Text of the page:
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    India offers a mystical journey to those who seek to traverse through the spiritual, numinous and religious alleys of the country. A land of diverse religious faiths, languages, cultures, customs and traditions, India is an intriguing destination for those interested in studying and understanding its spirit. With thousands of temples dotting the Indian landscape, the country attracts mystics and spiritual followers by the score.

    From Chaar Dhaam to the Swami Ayyappa Temple in Sabarimala, the temples of India offer a mysterious solace and tranquility to every distressed soul. Thousands of people, from all over the world, flock to these temples in India; some with tears in their eyes, some with prayers in their heart and some with gratitude on their lips.

    Here’s a look at top 25 temples in India that are a must-visit; because of their spiritual value and their architectural splendour :

    1. Meenakshi Amman Temple, Madurai

    Photo Credits: Ilavanji

    Situated on the banks of the River Vaigai, the Meenakshi Amman Temple is the heart of the city of Madurai and one of the most popular South Indian temples. Dedicated to Meenakshi, an avatar of Goddess Parvati, and her consort Sundareswarar, Lord Shiva, the temple is one of the biggest temples of India. It attracts as many as 15,000 people every day. On Fridays, when special poojas are held in the temple, the number of devotees that come to the temple to receive the deity’s blessings is well over 25,000.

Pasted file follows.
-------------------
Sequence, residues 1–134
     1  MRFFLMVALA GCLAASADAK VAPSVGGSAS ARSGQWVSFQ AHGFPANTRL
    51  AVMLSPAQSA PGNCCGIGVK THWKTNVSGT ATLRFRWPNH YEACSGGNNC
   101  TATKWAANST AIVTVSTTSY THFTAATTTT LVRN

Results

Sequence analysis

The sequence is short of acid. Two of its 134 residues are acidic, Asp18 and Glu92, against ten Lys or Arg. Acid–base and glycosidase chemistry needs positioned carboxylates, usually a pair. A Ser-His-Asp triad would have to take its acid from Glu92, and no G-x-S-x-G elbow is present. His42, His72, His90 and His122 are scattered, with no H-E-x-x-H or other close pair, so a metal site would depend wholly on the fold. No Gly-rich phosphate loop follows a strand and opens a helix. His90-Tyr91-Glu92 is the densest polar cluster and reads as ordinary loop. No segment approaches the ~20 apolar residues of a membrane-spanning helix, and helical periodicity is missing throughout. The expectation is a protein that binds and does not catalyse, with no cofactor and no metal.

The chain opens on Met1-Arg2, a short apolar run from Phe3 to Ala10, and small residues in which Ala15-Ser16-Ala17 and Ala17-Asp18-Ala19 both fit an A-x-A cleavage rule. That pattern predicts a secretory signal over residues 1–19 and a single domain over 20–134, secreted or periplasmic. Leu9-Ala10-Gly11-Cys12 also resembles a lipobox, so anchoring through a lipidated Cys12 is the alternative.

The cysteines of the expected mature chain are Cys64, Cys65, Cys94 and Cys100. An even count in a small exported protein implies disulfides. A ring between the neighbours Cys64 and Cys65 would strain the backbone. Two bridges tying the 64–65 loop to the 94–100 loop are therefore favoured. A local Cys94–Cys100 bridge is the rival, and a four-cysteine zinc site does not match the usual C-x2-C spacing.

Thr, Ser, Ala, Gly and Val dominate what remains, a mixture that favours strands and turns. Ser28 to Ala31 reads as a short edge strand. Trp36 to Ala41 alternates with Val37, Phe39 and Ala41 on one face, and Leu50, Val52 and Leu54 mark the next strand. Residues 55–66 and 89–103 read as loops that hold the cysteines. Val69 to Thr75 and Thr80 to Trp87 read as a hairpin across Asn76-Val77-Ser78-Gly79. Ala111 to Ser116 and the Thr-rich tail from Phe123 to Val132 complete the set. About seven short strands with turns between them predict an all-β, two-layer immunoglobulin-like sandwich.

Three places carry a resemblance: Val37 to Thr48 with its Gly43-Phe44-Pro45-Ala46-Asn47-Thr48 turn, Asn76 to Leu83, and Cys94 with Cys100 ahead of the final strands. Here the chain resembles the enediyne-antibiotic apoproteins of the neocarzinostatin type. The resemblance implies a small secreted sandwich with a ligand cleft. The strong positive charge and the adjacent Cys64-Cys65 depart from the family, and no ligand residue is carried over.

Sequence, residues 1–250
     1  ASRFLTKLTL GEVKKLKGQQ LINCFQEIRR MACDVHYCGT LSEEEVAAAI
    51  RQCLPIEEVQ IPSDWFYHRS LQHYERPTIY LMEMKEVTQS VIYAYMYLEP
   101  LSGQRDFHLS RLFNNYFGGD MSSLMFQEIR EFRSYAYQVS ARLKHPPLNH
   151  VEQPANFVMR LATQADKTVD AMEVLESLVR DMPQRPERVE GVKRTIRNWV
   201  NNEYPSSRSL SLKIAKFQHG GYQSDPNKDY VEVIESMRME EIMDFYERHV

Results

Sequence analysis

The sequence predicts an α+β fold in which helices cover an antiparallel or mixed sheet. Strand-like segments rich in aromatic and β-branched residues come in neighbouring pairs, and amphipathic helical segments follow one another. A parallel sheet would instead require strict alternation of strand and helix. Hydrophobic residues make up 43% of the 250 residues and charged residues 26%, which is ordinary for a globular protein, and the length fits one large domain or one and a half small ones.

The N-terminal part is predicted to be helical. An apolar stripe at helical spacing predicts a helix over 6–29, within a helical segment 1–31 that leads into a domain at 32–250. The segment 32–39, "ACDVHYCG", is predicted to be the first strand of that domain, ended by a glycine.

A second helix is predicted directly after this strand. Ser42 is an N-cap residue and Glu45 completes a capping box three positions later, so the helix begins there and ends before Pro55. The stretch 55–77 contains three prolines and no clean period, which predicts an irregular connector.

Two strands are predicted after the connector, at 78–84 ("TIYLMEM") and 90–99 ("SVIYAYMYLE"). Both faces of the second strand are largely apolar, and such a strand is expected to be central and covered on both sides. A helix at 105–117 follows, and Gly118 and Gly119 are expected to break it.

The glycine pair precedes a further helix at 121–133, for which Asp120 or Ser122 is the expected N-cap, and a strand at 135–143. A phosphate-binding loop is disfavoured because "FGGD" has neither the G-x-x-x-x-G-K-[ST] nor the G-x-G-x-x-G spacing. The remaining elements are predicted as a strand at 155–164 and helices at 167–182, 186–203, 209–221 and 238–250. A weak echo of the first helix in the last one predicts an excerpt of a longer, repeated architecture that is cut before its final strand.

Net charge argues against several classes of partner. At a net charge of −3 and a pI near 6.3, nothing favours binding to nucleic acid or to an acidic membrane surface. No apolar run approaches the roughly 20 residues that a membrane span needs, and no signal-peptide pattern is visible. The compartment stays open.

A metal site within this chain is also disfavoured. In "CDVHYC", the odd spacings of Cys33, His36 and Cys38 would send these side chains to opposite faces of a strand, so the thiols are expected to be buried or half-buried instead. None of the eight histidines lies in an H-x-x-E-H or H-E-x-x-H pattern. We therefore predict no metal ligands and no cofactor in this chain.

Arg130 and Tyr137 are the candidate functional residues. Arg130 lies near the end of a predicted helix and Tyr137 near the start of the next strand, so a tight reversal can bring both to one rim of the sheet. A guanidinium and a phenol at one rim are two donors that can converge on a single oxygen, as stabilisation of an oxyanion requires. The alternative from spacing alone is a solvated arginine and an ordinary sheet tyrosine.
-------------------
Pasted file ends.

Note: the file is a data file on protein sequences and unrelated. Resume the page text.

Besides being known for its spiritual value, the Meenakshi Amman Temple is also an architectural wonder. Surrounded by 14 gopurams, the temple has two golden sculptured vimana over the sanctum sanctorum. There are about 33,000 sculptures in the Meenakshi Amman Temple.

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    The temple complex is spread over 45 acres and houses a sacred temple tank, shrines of the deities Meenakshi and Sundareswarar and an expansive corridor which was used to train parrots to call out the name ‘Meenakshi’. Interestingly, the pond in the temple does not have any fish or aquatic creatures. It is believed that Lord Shiva had blessed the pond and so it is free of all aquatic creatures. One of the most striking architectural wonders in the temple complex is the Hall of Thousand Pillars.

    The most important festival held in the temple premises is the Meenakshi Kalyanam, which attracts large number of devotees from all over the country. Another 10-day festival called the Avani Moola Maha Utsavam is another attraction for mystics and devotees.